3.) Make a move to inject a scoring touch into the lineup: I understand Mike Babcock is a defense-minded coach, fine, and yes defense is important.  When that defense fails you, though, the only way to stay competitive is to put pucks in the net.  This team has far too many players on dry spells or just coming off them, Franzen and Abdelkader are the first to spring to mind.  I feel like the defense is mostly set and just needs to keep gelling more, but I'm not so confident about our top 6 forwards.  It feels as though guys like Datsyuk and Zetterberg are trying to do a whole line's worth of work by themselves just to generate offense, and other teams are wise to it.  Believe it or not, there ARE players who exist and are able to play decent shut-down hockey AND score some goals.  Franzen used to play a game like that, but now looks as though he prefers to stand around and watch the game unfold before him more often than not.  The only forwards that look truly hungry for the net are younger guys on the 3rd and 4th line.  If we aren't going to move them up more often and give them more minutes, then someone needs to be brought in to fill that role.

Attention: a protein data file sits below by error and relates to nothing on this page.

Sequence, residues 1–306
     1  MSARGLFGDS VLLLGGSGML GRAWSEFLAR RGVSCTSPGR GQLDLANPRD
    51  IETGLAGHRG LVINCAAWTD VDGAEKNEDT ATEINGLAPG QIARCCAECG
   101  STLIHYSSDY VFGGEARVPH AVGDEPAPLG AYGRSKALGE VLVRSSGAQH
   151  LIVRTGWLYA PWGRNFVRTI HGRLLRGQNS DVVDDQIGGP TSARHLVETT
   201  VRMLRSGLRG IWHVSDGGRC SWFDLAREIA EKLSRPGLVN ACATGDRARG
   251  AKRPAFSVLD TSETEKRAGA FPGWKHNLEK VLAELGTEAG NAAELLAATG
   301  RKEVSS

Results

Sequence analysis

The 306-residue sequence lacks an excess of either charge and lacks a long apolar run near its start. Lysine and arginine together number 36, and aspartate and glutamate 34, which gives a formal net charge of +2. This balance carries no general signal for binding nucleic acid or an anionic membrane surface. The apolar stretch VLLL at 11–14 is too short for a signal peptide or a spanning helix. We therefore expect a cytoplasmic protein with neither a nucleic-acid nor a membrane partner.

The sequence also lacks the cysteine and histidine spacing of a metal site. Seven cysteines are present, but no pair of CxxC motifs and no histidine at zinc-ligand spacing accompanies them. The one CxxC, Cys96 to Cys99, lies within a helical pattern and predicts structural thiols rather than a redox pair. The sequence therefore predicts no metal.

And no, Filppula does not fit that role.  He and Franzen are immensely on the hook for me, I'm losing my patience.  Franzen is moody and inconsistent with regards to production, and Fil's time to "break out" has come and gone, he is not going to be the star Wings management hoped he would be.

These are just three of the things I wish Detroit would try--and let me emphasize TRY--in the hopes of bringing more consistency to the club, which should no doubt result in more wins.  Detroit is still a great hockey team, but as with all things the rule of survival applies: In a changing world, you either adapt, or you die.